Joel Gary Selik
Joel Gary Selik
answered on May 16, 2024

You may have a viable case. Medical malpractice means that a doctor violated the standard of care. A bad outcome is not enough. Another doctor would be needed to evaluate what the doctors did. What you describe appears to be below the standard of care-it must be confirmed by a doctor expert.... View More

View More Answers

2 Answers | Asked in Medical Malpractice and Personal Injury for Virginia on
Q: I had hip replacement surgery with a resultant estimated 700 cc hematoma and was only placed on baby aspirin post op.

I had hip replacement surgery with a resultant estimated 700 cc hematoma and was only placed on baby aspirin post op. Developed large bilateral pulmonary emboli leading to a secondary hospitalization. I'm a former ICU charge nurse and then anesthetist, this shouldn't have happened.

Gail N. Friend
Gail N. Friend
answered on May 17, 2024

Being that you have clinical knowledge and have already reached opinions about the medical care, to make sure you are within the statute of limitations for filing suit -- ABSOLUTELY, seek out an attorney who has proven experience with OB cases... they are generally located in large cities where... View More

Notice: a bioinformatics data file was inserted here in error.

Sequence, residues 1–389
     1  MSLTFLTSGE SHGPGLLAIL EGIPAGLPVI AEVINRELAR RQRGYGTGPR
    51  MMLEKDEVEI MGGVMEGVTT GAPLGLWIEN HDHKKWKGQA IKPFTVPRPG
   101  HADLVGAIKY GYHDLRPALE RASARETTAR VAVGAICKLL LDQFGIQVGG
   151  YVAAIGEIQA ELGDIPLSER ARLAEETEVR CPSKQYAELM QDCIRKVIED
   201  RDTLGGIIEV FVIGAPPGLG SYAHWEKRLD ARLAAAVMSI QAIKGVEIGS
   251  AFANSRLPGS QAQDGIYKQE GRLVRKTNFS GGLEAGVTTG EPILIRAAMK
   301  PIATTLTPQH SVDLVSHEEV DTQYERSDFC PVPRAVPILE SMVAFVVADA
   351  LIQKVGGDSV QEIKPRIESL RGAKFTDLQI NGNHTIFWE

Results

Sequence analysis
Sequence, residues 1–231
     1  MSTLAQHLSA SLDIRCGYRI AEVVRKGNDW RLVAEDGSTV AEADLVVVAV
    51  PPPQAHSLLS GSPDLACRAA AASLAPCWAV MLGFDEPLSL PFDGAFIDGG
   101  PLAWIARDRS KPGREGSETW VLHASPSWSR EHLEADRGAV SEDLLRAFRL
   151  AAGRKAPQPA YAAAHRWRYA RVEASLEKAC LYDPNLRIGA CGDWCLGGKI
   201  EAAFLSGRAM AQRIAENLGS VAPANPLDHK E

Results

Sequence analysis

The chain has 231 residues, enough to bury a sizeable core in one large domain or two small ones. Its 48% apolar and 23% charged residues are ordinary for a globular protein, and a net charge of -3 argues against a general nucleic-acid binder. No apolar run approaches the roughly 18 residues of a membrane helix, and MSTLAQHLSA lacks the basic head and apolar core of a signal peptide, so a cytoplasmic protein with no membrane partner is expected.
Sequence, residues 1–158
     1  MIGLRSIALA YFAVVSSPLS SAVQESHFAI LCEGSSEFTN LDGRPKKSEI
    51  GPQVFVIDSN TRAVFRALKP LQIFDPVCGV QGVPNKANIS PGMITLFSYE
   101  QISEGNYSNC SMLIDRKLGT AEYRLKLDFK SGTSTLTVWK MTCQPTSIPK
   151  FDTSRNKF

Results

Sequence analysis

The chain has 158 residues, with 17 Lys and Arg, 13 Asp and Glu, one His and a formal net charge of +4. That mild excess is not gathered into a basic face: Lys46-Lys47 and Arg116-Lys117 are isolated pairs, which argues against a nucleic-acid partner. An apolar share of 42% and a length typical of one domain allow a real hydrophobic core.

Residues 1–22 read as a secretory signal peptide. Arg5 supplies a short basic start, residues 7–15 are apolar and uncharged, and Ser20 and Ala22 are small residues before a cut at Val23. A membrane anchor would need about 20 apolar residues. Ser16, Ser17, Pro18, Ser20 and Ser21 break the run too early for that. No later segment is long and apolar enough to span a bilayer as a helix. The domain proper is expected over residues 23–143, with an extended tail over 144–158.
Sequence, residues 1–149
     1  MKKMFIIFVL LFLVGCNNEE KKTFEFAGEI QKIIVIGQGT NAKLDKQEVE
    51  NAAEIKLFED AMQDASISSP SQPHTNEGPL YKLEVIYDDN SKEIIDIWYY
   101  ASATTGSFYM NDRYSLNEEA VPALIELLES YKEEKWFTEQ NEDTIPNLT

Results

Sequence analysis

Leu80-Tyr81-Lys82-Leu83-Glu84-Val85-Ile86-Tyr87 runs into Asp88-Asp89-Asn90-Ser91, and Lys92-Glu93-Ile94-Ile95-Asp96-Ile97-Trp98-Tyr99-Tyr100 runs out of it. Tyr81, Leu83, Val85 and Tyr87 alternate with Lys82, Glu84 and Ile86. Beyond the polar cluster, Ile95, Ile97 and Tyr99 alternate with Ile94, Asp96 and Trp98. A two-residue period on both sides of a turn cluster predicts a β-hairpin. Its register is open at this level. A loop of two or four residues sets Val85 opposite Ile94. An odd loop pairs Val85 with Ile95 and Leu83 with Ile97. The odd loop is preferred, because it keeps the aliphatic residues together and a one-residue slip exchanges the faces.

View More Answers

1 Answer | Asked in Federal Crimes, Health Care Law and Medical Malpractice for California on
Q: legal theories behind misrepresentation of patient's health; hospice fraud

What are possible legal theories behind misrepresentation of patient's health, hospice fraud;

Other than direct and ostensible liability?

Professional liability based on duties is legal theory?

James L. Arrasmith
PREMIUM
James L. Arrasmith pro label Lawyers, want to be a Justia Connect Pro too? Learn more ›
answered on May 16, 2024

There are a few potential legal theories beyond direct and ostensible liability that could apply in cases of misrepresentation of a patient's health and hospice fraud:

1. Professional negligence/malpractice: Healthcare providers have a professional duty to provide competent care and...
View More

2 Answers | Asked in Federal Crimes, Health Care Law and Medical Malpractice for California on